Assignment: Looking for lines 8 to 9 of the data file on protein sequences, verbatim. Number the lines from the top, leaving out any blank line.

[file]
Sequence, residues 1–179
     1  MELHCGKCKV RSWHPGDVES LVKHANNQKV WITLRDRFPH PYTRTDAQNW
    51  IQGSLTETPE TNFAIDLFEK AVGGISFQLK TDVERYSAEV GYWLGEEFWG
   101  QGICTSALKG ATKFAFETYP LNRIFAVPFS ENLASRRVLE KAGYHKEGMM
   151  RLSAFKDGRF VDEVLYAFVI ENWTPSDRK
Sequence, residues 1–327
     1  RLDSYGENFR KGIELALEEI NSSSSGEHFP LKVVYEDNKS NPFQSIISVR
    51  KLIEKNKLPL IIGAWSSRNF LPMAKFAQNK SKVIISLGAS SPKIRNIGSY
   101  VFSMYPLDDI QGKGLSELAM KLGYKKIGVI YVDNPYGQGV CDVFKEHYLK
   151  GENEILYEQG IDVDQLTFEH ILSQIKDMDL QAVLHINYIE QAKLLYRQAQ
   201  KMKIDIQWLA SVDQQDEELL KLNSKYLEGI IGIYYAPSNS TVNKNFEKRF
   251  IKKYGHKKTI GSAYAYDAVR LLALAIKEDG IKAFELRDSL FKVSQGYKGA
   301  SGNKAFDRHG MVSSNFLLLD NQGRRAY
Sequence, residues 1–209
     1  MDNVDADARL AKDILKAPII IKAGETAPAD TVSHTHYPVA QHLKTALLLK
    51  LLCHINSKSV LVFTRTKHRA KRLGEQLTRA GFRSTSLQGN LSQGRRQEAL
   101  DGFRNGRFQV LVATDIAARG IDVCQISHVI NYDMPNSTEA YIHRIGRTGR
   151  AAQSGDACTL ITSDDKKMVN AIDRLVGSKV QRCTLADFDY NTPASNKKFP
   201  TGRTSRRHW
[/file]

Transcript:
    51  KLIEKNKLPL IIGAWSSRNF LPMAKFAQNK SKVIISLGAS SPKIRNIGSY
   101  VFSMYPLDDI QGKGLSELAM KLGYKKIGVI YVDNPYGQGV CDVFKEHYLK